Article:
There was enough of the elderflower liquid to fill one demijohn, but it only half-filled the other. Mould and other contaminants thrive in the space, so it’s a good idea to top it up. I was just going to use sugar water, but I remembered I had some of last years elderflower cordial, so I added a 1:3 dilution of this instead. This is the bottle with the black spot in the photo.

Next I added a bung (cork) and airlock (the s bend that prevents bacteria and other contaminants from getting inside the demijohn. The airlock has some sodium metabisulphate solution inside to kill off anything that attempts an invasion. 

Well, so far so good. The demijohns are bubbling away happily, the yeast eating the sugar and excreting out alcohol. With bubbles of CO2  ‘glu-glu-gloobing’ (that’s how it sounds) out of the airlock, I’m hopeful that the pure batch and the diluted batch will both be successes.

Really hoping I was wrong about the mould getting in. There’s not a lot that beats a good elderflower wine.

Budget Bacon and Lentil soup, botched

I mentioned in an earlier post how I planned use up a lot of the things in my cupboard this month, I made a start today when I used up the last of my Lidl’s cooking bacon (all of the unsuccessful slices of bacon packaged up together. It’s tasty, cheap and like a fun little bacon-y Russian Roulette as you just don’t know what you’re going to get) and some lentils to make a lentil and bacon soup.

One of my many cupboards which needs emptied out.

Cooking bacon: ranges from teeny offcuts of bacon, to big bacon-like steaks like these

Bacon and lentil soup is a great comfort food, not to mention it’s frugal (costing pennies a serve). It’s especially good on a cold, dark Winter’s night where you need warmed up.

 

Now, whilst there are recipes out there for bacon and lentil soup (like this one maybe), I’m a busy mum of two young kids who are having a grumpy pants day. My recipe went something like this:

Bacon and Lentil soup. Botched up

  • Get the pressure cooker down and pour in some red lentils. Add a few more, for good luck.
  • Add water. A third of the way up the pan or so, I guess.
  • Throw in a stock cube. Is that one of the low salt ones? I think so. I hope so.
  • The recipe says to sweat the chopped onion and fry the bacon… eh, just throw it in the water, it’ll all cook.
  • What else can I add? This courgette looks a little old, I’ll chop it up and throw it in.
  • A potato? Why not?
  • And lastly a tin of tomatoes. Because the bacon and lentil soup you had that time in that restaurant was more orangey than this.
  • Lid on, whack it up to full power and then when the pressure cooker starts to whistle drop it down to a simmer.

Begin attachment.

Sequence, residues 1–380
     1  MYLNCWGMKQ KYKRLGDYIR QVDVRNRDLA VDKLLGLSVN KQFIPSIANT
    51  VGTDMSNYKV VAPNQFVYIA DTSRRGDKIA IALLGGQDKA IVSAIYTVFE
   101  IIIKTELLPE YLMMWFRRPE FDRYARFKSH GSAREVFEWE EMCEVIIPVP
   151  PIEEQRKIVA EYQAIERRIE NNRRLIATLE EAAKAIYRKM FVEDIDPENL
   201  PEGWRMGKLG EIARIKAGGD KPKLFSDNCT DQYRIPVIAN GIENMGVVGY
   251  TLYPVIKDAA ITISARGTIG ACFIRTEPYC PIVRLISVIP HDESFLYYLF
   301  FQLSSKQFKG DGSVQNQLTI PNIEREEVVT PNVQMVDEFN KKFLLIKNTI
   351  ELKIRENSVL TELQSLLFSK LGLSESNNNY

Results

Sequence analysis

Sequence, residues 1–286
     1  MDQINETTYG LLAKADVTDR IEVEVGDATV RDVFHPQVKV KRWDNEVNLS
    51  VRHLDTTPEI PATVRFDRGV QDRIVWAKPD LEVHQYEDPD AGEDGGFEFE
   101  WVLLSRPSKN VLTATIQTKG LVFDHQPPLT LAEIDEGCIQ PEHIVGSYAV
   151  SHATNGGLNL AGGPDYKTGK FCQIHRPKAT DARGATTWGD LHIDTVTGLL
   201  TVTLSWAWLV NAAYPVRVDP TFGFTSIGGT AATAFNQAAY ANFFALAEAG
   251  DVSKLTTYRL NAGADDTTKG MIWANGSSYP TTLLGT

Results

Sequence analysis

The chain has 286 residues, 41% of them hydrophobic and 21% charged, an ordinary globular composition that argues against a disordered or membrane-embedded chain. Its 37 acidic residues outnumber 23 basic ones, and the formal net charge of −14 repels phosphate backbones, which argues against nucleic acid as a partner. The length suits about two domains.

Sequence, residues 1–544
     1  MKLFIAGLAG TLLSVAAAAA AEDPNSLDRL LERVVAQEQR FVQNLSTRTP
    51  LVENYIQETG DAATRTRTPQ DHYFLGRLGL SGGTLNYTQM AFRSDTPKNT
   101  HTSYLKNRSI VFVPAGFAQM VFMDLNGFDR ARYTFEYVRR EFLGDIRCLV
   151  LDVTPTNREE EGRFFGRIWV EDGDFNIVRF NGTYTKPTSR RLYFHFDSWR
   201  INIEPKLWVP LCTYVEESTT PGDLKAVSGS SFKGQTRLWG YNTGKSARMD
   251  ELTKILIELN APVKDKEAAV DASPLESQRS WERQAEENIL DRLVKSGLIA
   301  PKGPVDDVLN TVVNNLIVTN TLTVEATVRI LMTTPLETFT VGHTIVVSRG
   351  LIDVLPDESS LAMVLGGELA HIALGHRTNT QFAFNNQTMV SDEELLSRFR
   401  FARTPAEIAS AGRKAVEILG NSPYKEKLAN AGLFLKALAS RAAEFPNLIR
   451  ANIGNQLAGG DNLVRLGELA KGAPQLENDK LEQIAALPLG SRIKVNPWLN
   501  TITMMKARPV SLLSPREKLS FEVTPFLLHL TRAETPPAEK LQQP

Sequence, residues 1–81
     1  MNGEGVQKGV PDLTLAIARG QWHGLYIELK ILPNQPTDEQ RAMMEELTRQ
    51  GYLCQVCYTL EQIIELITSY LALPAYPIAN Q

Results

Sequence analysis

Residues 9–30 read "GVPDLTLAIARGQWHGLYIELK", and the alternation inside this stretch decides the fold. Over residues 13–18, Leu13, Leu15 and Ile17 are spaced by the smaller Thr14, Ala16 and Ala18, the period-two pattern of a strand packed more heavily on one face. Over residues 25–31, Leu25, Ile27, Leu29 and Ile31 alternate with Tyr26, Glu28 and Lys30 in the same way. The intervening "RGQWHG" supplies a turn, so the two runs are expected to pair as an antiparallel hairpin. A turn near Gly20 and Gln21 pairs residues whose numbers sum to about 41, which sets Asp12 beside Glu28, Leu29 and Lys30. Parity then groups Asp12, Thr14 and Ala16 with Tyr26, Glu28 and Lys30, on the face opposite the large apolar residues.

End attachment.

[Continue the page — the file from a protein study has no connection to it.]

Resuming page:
• Just before you leave the house , switch it off, give it a blend with the stick blender. Burn yourself slightly because you dipped your finger in for a taste, forgetting the soup was molten.
  • Feel smug, boast to your friends how easy it is to make soup.
  • Go home, put it back on to reheat and then get distracted by something in a different room.
  • Come back ten minutes later to discover that your kitchen is full of steam and the pressure cooker has spluttered (for want of a better word) blended lentils and water all over the hob, wall and surrounding worktop.
  • Clean up some of the lentil soup, rescue the soup in the pot by adding extra water.
  • Feed cranky children.
  • Clean up children, realising that white clothes, a baby and orange soup was not a good idea.
  • Clean up the rest of the soup in the kitchen.
  • Eat yours 45 minutes later, warmed up three separate times in the microwave.
  • Actually enjoy the soup and think about making it again sometime. Without botching it up.

What are your go to store cupboard recipes?

 

On appreciating free things…

I met a friend today Hillmount Garden centre in the Castlereagh Hills. I had a voucher for 2 free cups of tea/ coffee that had come in a flyer for the annual fête at St. Dorothea’s which we plan to go to this year for the first time.

I have a soft spot for Hillmount, because my Granda used to bring me here all the time when I was younger. I didn’t eat lunch myself, because I knew that I had food at home, but my kids are wee, and there’s no way they’d wait.

Hillmount have great little side salads for just £1, and they’re a great size for the money. One bowl, plus a sausage roll was more than enough for both my girls. Plus, we gave the staff free entertainment watching the baby. And the conversation was free, but valuable.

I grabbed a free magazine that lists all the events for kids in June and now we’re planning to go to a free open farm event on Sunday.

On the way home we stopped the car on the Middle Braniel Road for another freebie, the fantastic views of Belfast (this photo doesn’t do it any justice).

And this bunny:

So the moral of the story, I guess, is that freebies are great, and if you keep your eyes open there are more of them that you realise.

Ulster Museum

I’ll be honest, my kids are too young to really appreciate the Ulster Museum. Our baby slept as we pushed her round, and DD1 (just turned 2), who’d been exited when I said we were going to see the dinosaurs, suddenly decided they were actually kind of scary and she didn’t like them after all.

The museum is free, technically, but a donation is recommended, big or small, to help keep the place running. There’s also a really nice cafe, but we had coffee and snacks before going in, so we weren’t tempted to splurge.

We had fun looking at the taxidermy animals and running around the rock section, but then we headed to the art section on the 5th floor and it was the best thing ever as far as she was concerned.

As much paper as she could use and colouring pencils in every shade. We literally had to drag her away after about 30 minutes, with the promise of food. We bypassed the gift shop on the way out, because if I saw the plushy dinosaurs, I would be buying said plushy dinosaurs.
We had a great day out at the Ulster Museum, and though only a tiny bit appealed to our 2 year old, I can’t wait to go back and back again as they get older. It’s a great and frugal day out.